Not on Writing, but on Being a Writer

Self-identity nouns should be given great weight. Like more weight than those things our grandparents used to keep papers from flying away on a desk of whichever mid-century school of design was their preference.

One of my generation’s most gratuitous self-identity nouns is “foodie.” I can’t tell you how many times I’ve seen the following Twitter bios:

Writer, Dog-Lover, Foodie

Packers Fan, Aspiring Cellist, Foodie

Stripper, Pop Star, Foodie

Died last Tuesday, Foodie

You know that really intense almost physical reaction you have to seeing a cute kitten or puppy? The opposite of that

I feel like one needs to reach a certain level of commitment and experience to something before using it as a self-identity word. I’m not saying you need to publish a best-selling novel or land an internship at an easy beach-read mag like The Economist, but if writing is what your soul breathes, you are a writer.

I read this article that introverts are more likely than extroverts to only identify as one thing. So this could be my personality dictating my opinion (OMG BRAIN, FREE WILL), but I think in order to be brilliant at anything you have to be pretty aggressive about it, leaving little time for being considerably above average at anything else. This means that maybe we can only truly have one self-identity noun that is skill-based at a time. That means that maybe we shouldn’t waste it on “foodie” unless your soul craves good food above all else.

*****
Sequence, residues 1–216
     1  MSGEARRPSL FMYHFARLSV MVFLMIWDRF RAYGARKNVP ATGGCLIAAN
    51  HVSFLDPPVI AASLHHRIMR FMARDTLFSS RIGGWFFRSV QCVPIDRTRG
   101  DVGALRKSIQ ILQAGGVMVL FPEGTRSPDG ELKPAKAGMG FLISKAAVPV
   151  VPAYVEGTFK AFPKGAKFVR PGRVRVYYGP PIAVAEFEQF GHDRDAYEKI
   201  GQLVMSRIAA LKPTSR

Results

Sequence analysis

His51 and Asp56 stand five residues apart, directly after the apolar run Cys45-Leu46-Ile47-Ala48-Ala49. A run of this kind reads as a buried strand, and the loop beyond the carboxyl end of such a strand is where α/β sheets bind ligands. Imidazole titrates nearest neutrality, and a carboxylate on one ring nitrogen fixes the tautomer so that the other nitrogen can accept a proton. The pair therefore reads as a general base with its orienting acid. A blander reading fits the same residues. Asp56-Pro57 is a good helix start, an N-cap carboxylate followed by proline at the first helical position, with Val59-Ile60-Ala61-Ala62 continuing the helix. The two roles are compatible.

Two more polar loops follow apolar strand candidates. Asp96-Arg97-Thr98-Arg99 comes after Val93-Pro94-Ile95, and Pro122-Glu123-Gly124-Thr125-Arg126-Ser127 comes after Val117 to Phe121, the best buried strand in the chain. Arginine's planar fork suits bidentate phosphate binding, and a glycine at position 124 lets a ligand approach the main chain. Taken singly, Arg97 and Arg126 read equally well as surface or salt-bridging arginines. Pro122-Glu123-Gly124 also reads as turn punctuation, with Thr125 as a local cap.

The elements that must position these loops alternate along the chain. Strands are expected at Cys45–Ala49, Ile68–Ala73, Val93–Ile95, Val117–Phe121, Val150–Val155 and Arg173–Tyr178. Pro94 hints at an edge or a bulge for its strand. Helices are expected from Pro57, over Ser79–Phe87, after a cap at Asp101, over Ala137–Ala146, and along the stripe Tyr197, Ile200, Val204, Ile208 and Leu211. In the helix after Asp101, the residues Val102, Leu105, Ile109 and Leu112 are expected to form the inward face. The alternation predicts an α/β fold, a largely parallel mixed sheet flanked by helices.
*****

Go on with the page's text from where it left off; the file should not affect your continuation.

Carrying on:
As a side note, I appreciate good food. It’s just not my word.

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13 thoughts on “Not on Writing, but on Being a Writer

  1. Mine neither. As for ‘writer’, I feel I can call myself that these days. But I had been writing on a professional basis for years and had quite a number of books published before I felt it was a label I wanted.

  2. I’m an introvert. Most days my mind can only be aggressively passionate about one thing. This is why I struggle being a mother and writer. I’d like to read the article you mentioned. What was the title? Interesting points.

  3. I agree with your statement about the word “foodie,” but I think that people (or me, anyway) can identify as more than one thing with conviction. Interestingly enough, I consider myself an extrovert, so perhaps that distinction is accurate. Thanks for posting on such an interesting topic.

  4. I can never understand why any of us actually want to fall under a label? But we always conform and put the labels down and box ourselves in… funny how we are wired to do that. On the other hand if we do feel comfortable under the label then just go for it – its all about conviction and passion in the end i suppose. An interesting topic with some good ‘food’ for thought.

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